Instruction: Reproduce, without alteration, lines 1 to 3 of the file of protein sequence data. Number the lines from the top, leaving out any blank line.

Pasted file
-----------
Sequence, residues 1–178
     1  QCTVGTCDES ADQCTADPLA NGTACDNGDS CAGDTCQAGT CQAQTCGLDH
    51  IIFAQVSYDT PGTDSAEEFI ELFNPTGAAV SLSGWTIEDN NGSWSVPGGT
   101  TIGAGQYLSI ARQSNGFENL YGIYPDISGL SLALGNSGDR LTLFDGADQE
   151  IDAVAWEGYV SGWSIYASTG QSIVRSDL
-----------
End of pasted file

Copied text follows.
Sequence, residues 1–178
     1  QCTVGTCDES ADQCTADPLA NGTACDNGDS CAGDTCQAGT CQAQTCGLDH
    51  IIFAQVSYDT PGTDSAEEFI ELFNPTGAAV SLSGWTIEDN NGSWSVPGGT